When parents hear the term “sleep training,” most will likely picture an infant going through the process of learning how to sleep through the night. What many people don’t realize, however, is that children of all ages often need, and could benefit from, sleep training – even toddlers.
To review, sleep training is the process by which children learn how to fall asleep 100% independent of all sleep props (including rocking, holding, pacifiers, swaddles, etc). Along with an age-appropriate daily nap schedule, a child is considered sleep trained when they can go down awake and alone in a crib (or bed), and go from the awake state to the asleep state on their own – for naps and bedtime – and as they wake throughout the night. For reasons I’ll outline below, many older infants and toddlers need baby sleep training for toddlers in order to maintain healthy sleep habits.
Why Would a Toddler Need to be Sleep Trained?
A toddler would need to be sleep trained for the identical reason their infant counterpart would need to be sleep trained – due to an inability to fall asleep independently. Toddler sleep issues certainly vary in how they present in comparison to babies, but the core issue is almost always the same – they need something (in most cases, a parent present) in order to go from being awake to being asleep.
Since it is normal for humans to wake periodically throughout the night as they go from one sleep cycle to the next, if a child needs Mom or Dad to sit by/near/with them in order to fall asleep, they’ll understandably need that assistance to fall back to sleep throughout the night. As toddlers grow into their third and fourth year of life, many will begin to sleep through the night without waking, but still require assistance to fall asleep at bedtime and for naps. Toddlers will also often be highly resistant to the bedtime routine, using delay tactics in order to keep from going to bed. For all these reasons, a toddler would benefit from sleep training.
Ways in Which Toddlers Benefit From Sleep Training
Toddlers can be completely different people when they don’t get enough sleep. Not only are sleep deprived toddlers often fussy, cranky, and crabby (like sleep deprived babies), they can also struggle to comply with simple directions, learn what they’re being taught at daycare or preschool, and maintain a healthy immune system. In nearly *every* measure, a toddler suffers deeply when they aren’t sleep trained.
Further, I’ve personally worked with many kids who are unable to fall asleep without the presence of their parent, and who is then in turn generally insecure about being away from Mom or Dad. They have not yet had the chance to develop their own independence and coping skills at being alone, and thus do not have those skills to draw from when they need to play on their own at home throughout the day. Finally, toddlers who are not sleep trained often have an unfortunate dynamic with their parents at the end of every single day. There are few homes where parents of toddlers who are not sleep trained don’t spend the last 1-3 hours of the day begging, fighting, yelling, and cajoling their child to sleep. Parents understandably feel awful and children are exhausted.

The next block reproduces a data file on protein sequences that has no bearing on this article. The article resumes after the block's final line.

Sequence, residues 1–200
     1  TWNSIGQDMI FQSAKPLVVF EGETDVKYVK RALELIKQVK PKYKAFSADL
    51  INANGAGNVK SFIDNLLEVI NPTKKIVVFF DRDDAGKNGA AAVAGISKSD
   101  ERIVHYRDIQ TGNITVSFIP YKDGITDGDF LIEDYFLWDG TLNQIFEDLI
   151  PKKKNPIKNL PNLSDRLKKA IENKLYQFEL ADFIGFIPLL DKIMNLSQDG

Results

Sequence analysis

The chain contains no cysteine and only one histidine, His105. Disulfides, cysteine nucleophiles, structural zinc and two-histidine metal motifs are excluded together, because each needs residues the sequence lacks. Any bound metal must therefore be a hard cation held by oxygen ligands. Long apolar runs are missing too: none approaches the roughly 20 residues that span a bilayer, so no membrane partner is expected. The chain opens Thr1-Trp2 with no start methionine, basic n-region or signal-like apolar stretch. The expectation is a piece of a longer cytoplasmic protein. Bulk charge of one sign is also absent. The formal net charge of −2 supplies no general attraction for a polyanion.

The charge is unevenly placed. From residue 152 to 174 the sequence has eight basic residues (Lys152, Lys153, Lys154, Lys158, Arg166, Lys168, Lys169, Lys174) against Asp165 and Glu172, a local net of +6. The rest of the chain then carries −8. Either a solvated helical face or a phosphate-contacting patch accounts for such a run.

How is Toddler Sleep Training Different Than Baby Sleep Training?
There is one main element (and it’s not age!) that determines whether a family should use an infant-based sleep training method, or a toddler-based sleep training method. If your child is physically unable to climb out of a crib, then you should without question use a traditional, CIO/check-in based method.
If your child is able to climb out of a crib, you should use a toddler-focused sleep training method. The reason I would urge you towards the infant-based method, even if your child is 2 years old, is because toddler-based methods typically only work well on kids who are 2.5 years of age or older.
The Baby Sleep Trainer toddler method (found in my book) relies heavily on the concept of visual aids and natural-based consequences. While the method is almost universally applicable to all kids over the age of 2.5 years, it’s requires the discipline dynamic to change between parent and child, and also requires parents to follow through even if a child is throwing a tantrum. Infant-focused sleep training methods (like the Baby Sleep Trainer Program) assumes that a child is in a crib, and believe it or not, kids of almost all ages tend to fall asleep more quickly and easily when contained to a crib.
If you’re considering baby sleep training for your toddler keep in mind:
- That kids of all ages benefit from learning how to be independent sleepers.
- Many kids are sleep trained as infants and somewhere along the way need to be sleep trained again.
- Thankfully, sleep training can solve many emotional and behavioral issues common with the toddler age group.
- While sleep training approaches for toddlers are much different than for infants, toddler sleep training usually yields results way more quickly than when working with babies.